Magazine article The Spectator

Salute to the Sixties

Magazine article The Spectator

Salute to the Sixties

Article excerpt


The Limey

(18, selected cinemas)

Salute to the Sixties

Mark Steyn

Terence Stamp is The Limey; Peter Fonda is, well, the slimey - a scaly music biz exec Stamp flies to California to do battle with. It's a kind of Mod vs Rocker Seniors' Tour - or, to quote a prescient malapropism one of the elderly teachers delivered years ago in Please, Sir!, this is the aging of the dawn of Aquarius. Sixties people are always Sixties people, and The Limey's director, Steven Soderbergh, is clever enough to tap into all the baggage that Stamp and Fonda bring with them. So, for his title character's back-story, he simply lifts chunks of Poor Cow, Ken Loach's 1967 debut, in which beautiful young Terence larks around with bottled beehived Carol White. For Stamp's character, the Sixties is Swingin' London monochrome; for Fonda's, it's the psychedelic colours of gatefold album sleeves. But for both men it was their moment - 'The Sixties,' Fonda explains to his nymphette girlfriend at one point, 'was really just 1966 and the first half of 1967'- and both men seem, like Austin Powers and Dr Evil, to have stepped out of time for the last act in -some ancient saga.

In fact, Stamp and Fonda have never appeared on screen together, and, as the film opens, their characters are not even aware of each other. Stamp plays a man called Wilson (as he did in Poor Cow), a Cockney hard-case who's been detained at Her Majesty's pleasure for most of his adult life. He's come to Los Angeles because his daughter's car careered off Mulholland, dived into the canyon, burst into flames, and Wilson is disinclined to accept a verdict of accidental death. So he's in La-La Land to kick ass - or, more accurately, arse. After a bit of poking around, he discovers the trail leads high up into the Hollywood Hills to a spectacular pad cantilevered out over the valley, the home of record exec Terry Valentine, played by Fonda. As it turns out, they have something in common: both made their money in rock'n'roll - Terry Valentine 'took the whole southern California zeitgeist and ran with it'; Wilson nicked the receipts from a Pink Floyd gig at Wembley.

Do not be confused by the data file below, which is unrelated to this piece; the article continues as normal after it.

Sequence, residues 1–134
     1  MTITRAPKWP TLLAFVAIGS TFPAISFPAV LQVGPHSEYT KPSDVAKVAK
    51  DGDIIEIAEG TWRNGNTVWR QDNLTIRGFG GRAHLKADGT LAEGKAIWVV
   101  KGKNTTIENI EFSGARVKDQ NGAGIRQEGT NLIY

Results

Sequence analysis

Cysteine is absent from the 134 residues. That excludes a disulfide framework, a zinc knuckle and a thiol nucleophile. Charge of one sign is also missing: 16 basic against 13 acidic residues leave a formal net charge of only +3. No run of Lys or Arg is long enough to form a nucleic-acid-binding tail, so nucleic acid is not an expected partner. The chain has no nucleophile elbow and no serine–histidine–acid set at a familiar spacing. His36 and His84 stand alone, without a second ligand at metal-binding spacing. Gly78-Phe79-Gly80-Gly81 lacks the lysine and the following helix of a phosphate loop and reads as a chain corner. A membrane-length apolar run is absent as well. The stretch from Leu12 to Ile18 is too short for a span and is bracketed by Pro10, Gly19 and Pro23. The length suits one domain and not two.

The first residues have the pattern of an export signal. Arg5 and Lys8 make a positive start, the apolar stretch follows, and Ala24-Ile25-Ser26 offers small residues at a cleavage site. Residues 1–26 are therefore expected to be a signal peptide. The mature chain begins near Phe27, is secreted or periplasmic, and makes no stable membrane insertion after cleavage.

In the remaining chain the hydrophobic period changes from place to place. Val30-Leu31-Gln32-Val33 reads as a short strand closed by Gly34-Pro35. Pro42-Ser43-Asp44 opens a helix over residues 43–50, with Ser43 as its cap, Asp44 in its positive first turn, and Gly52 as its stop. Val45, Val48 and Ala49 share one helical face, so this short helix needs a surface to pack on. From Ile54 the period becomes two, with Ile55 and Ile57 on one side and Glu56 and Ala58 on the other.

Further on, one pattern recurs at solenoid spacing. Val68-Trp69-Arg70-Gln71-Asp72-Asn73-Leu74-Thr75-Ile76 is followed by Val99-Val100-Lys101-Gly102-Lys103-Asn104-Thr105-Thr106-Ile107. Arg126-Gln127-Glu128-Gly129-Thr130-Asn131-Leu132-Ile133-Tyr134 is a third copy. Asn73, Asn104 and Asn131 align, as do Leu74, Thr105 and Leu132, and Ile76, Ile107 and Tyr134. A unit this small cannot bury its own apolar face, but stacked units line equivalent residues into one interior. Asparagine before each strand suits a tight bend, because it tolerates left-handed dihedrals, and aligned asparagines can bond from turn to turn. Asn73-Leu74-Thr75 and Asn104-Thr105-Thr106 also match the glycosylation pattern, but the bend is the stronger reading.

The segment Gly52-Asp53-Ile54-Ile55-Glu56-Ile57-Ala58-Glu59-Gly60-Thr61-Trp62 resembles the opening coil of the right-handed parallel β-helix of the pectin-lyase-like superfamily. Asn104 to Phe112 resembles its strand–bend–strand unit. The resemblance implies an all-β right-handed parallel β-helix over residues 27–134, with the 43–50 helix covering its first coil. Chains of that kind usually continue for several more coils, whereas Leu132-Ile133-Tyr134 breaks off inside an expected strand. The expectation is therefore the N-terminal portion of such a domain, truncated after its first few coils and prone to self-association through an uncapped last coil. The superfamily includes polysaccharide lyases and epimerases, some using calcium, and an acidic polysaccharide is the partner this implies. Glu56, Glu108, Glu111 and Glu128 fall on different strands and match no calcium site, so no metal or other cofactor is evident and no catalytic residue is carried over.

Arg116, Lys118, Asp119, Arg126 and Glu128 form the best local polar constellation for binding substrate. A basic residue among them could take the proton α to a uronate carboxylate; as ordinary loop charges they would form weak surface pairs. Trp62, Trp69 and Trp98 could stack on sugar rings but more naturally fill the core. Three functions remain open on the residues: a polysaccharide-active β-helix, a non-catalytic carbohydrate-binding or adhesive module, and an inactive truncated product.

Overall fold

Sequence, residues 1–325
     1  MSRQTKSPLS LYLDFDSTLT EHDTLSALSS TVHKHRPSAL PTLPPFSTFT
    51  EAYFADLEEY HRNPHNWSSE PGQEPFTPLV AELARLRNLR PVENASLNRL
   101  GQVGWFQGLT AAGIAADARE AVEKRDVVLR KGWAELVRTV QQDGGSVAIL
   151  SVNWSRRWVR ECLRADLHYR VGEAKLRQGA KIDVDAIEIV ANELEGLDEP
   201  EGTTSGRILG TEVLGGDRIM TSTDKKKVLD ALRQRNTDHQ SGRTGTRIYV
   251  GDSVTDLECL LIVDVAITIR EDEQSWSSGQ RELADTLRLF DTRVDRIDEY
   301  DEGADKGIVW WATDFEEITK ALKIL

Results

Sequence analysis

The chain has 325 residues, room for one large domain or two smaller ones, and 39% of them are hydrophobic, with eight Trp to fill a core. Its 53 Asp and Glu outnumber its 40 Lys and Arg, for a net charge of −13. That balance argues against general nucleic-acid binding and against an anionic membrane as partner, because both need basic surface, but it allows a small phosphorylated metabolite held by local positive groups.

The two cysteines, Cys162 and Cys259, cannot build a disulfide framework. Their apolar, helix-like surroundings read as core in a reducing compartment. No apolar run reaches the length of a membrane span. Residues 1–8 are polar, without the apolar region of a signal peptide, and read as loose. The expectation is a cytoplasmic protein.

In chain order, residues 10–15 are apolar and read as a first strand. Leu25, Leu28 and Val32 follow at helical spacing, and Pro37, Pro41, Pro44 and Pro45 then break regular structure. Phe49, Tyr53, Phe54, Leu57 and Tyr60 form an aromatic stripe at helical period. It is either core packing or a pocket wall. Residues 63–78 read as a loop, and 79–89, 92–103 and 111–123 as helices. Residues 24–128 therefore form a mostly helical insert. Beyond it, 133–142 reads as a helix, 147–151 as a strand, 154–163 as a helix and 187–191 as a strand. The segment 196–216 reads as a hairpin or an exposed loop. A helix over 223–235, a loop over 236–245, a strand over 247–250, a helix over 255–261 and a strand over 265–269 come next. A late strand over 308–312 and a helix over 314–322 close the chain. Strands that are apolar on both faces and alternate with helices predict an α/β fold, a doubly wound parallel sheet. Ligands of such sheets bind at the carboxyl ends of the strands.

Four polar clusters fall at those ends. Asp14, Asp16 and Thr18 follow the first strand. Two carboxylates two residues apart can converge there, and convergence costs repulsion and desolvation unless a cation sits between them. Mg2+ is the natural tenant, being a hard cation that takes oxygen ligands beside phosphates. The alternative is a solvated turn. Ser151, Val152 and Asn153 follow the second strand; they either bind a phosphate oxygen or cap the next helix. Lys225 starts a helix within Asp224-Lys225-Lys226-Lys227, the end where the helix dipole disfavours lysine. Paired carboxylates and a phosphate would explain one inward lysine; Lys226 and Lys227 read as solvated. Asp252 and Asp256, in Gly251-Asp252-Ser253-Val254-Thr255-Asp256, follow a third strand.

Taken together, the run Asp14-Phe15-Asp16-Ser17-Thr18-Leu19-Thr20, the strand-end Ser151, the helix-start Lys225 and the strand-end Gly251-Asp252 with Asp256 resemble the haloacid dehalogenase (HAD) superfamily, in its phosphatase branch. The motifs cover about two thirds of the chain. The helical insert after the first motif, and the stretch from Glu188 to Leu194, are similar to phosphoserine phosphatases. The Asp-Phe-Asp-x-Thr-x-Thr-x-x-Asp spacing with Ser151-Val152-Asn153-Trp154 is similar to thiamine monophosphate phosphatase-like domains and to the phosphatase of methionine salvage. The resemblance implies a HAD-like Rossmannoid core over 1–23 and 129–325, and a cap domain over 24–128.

The script by Lem Dobbs is as lean and taut and sharp as Stamp himself, following the familiar stranger-in-town-looking-forrevenge trajectory. The twist is that the town's LA and the stranger's a Brit yob. When first we see him, he's unpacking his suitcase - British passport (stiff and blue, needless to say) and Old Spice to the fore. He's a tough old bird who, unlike most Britons in Hollywood, seems to have no desire to assimilate: "Ullo, squire. I know this is your manor but don't get your knickers in a twist,' he tells the baffled locals. For their part, the Angelenos consistently underestimate him: 'Stupid English fuck,' says one, moments before Wilson blows them all away.

That's really what the film's about: two approaches to aging. On the one hand, there's the Fonda/California model: tanned, wealthy, walk-in closets, heated pool, fabulous babes, anything unpleasant contracted out to flunkeys. On the other, there's the Stamp/Brit model: white face, white hair, fiddling the dole, down the boozer, toughened by years of pickled eggs and pints of bitter. Stamp hits the ground with the bounce of an indestructible savaloy: those sun-fried California pussies don't know what's hit 'em. …

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